Making a Raspberry Pi cluster requires an initial setup to be performed. Here I assume that the OS that is running is Raspbian. So once the cluster is built generally one Raspberry pi designated as the  master node controls the functionality of all the other nodes. So this post deals with how the master node connects to or other nodes ,how you can use the master node to login to any other node in the cluster, how to assign static IP address and how to differentiate each of the nodes from the other by assigning different hostnames.

Assigning static IP address :

The first thing that has to be done is assign static IP address to each PI . This helps to connect to other PIs(nodes) via SSH (Secure Shell) . So first use the command :


This lists all the IP addresses. My result of running the command ifconfig was :

inet addr: bcast addr: mask:

Make a note of these addresses. So, from the above result, the inet address indicates the IP address of the node. What we do now is assign addresses to each node. The first step in it is to decide a range of IPs . I had 5 nodes and so I decided to take the range to . Once the range is fixed login to one of the PIs.
Also, make a note of the gateway address by typing the following command

sudo route -nee

Gateway: 192.168.3. 1

The final step is to modify the interface file :

sudo nano /etc/network/interfaces

Remove the line that reads

iface eth0 inet dhcp

Add the following:

iface eth0 inet static
address #change according to your range

save by pressing CTRL+X and then type Y to save and exit. then reboot the PI using :

sudo reboot

Type the following command to ping your gateway address or router and will return :

ping  -c3

The response should look somewhat like this :

64 bytes from icmp_req=1 ttl=255 time=2.18
64 bytes from icmp_req=2 ttl=255 time=2.43
64 bytes from icmp_req=3 ttl=255 time=3.24


Learn  how to make your Bench Automation Raspberry Pi computer now!!!

One last thing that needs to be modified is the /etc/resolv.conf file. This file contains information of DNS name resolvers that allow your raspberry pi to resolve names to IP addresses. For example, if you ping http://sourcedexter.com, the raspberry pi will have to determine the IP address of my python tutorials website,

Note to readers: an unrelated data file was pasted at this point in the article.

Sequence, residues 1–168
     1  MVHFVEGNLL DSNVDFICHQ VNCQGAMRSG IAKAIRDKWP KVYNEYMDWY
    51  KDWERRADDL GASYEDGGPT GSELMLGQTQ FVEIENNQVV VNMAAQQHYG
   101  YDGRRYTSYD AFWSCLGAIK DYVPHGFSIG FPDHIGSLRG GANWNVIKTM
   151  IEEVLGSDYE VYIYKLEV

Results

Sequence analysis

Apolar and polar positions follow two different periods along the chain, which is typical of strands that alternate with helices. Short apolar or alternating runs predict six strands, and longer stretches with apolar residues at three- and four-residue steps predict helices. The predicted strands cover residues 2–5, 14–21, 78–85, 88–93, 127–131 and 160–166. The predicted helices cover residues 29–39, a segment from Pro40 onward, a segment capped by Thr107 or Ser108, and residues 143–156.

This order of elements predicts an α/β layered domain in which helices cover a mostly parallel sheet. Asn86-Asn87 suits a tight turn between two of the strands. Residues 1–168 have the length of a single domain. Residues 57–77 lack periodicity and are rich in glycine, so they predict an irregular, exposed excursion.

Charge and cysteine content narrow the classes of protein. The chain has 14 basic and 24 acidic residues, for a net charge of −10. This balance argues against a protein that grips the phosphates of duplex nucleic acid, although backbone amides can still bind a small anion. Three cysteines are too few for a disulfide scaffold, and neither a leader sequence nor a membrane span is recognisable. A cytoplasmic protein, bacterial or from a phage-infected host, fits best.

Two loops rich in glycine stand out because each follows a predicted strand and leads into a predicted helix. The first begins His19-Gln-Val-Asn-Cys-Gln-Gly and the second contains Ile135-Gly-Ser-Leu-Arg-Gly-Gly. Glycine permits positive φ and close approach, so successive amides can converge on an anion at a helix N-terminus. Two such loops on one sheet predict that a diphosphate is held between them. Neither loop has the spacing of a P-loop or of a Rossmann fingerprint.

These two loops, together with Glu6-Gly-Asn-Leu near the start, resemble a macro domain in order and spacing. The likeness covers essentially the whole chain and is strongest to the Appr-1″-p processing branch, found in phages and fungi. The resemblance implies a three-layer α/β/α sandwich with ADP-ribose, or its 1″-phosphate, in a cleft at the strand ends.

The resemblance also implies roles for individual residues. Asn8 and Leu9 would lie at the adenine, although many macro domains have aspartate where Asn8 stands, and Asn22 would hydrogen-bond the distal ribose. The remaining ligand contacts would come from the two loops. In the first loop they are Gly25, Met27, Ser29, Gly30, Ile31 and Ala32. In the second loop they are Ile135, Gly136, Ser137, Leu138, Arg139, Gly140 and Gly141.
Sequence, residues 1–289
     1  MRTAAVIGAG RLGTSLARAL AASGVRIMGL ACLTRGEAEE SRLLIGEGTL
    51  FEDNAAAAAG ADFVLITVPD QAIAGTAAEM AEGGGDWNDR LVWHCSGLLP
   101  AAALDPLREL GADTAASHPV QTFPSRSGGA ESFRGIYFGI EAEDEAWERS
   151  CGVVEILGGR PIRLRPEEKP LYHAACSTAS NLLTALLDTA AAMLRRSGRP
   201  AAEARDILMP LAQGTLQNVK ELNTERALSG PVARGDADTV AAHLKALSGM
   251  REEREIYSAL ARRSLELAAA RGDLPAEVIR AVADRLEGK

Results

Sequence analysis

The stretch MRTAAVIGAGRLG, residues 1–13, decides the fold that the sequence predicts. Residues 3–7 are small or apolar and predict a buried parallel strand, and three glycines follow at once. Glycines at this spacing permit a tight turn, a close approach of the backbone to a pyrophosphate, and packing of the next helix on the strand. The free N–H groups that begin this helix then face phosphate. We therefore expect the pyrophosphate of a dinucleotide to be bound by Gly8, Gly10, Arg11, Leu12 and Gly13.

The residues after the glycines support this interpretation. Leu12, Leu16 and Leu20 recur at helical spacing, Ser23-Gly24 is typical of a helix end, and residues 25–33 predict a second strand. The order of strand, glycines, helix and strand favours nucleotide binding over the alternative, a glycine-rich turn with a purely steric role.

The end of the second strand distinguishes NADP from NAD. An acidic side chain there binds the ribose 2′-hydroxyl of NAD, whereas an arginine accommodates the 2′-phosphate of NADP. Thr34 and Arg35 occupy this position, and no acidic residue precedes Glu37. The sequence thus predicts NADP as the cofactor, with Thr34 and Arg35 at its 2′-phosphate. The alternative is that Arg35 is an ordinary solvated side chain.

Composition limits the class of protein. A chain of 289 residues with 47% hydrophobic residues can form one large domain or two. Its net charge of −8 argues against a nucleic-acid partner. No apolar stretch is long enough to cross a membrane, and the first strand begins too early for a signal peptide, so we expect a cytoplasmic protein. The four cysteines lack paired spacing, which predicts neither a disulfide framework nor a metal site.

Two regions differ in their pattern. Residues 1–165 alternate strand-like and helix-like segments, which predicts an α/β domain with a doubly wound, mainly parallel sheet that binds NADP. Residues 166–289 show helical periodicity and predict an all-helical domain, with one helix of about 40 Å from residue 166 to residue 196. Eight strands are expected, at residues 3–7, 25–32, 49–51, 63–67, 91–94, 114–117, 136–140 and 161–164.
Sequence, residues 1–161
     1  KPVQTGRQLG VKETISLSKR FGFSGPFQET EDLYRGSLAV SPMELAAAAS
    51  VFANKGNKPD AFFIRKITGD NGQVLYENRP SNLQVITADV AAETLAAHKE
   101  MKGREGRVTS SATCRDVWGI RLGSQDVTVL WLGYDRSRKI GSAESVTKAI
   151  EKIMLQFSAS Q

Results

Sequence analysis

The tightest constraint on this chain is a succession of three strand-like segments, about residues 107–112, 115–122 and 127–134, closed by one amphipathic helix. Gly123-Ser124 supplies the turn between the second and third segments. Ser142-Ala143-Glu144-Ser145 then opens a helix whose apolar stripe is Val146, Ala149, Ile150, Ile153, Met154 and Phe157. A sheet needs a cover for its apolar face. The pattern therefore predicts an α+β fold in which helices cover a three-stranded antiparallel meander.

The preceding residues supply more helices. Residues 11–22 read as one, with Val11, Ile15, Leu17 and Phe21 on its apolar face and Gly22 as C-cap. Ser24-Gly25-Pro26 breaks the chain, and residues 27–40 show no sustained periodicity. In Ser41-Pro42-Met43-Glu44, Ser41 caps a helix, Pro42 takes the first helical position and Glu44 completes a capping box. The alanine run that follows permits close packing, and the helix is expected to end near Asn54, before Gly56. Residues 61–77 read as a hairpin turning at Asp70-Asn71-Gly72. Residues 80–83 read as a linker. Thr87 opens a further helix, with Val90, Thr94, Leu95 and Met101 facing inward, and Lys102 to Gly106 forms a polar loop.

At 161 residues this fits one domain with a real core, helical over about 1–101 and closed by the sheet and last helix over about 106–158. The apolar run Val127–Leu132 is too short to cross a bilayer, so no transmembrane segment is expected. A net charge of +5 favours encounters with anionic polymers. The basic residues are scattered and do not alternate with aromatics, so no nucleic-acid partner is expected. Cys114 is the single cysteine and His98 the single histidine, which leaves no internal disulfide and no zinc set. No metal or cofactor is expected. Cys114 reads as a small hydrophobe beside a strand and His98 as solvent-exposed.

Enter the following command to edit the resolv.conf file:

sudo nano /etc/resolv.conf

Enter the follow Google public DNServer IP address:


Press CTRL-X to exit but remember to save the file by accepting the changes.

Now type ifconfig and the new IP will be the one you would have assigned.Repeat this for all the other nodes on the cluster individually.


Change the hostname manually

If SSH is not installed then the hostname can be changed manually by logging into each of the raspberry pi individually and changing the hostname file as :

sudo nano /etc/hostname

By default the content of the file is :


change it to what you want. for example, if the new hostname should be client003 , then delete the existing name and type the new name :
press CTRL+X followed by Y to save and exit. So from the next time you login the new hostname will be seen.



SOURCE :   http://www.suntimebox.com/ ,  http://www.southampton.ac.uk/~sjc/raspberrypi/

How to encrypt data in Linux using gpg and open SSL

1 Introduction

Encryption is the process of encoding messages or information in such a way that only authorized parties can read them. With almost no privacy in this digital generation of our’s, encryption of our data is one of the most required tools. Most of the applications like Gmail encrypt our data, but the data on your system is still unsecured and there are hackers or unauthorised users waiting to access them.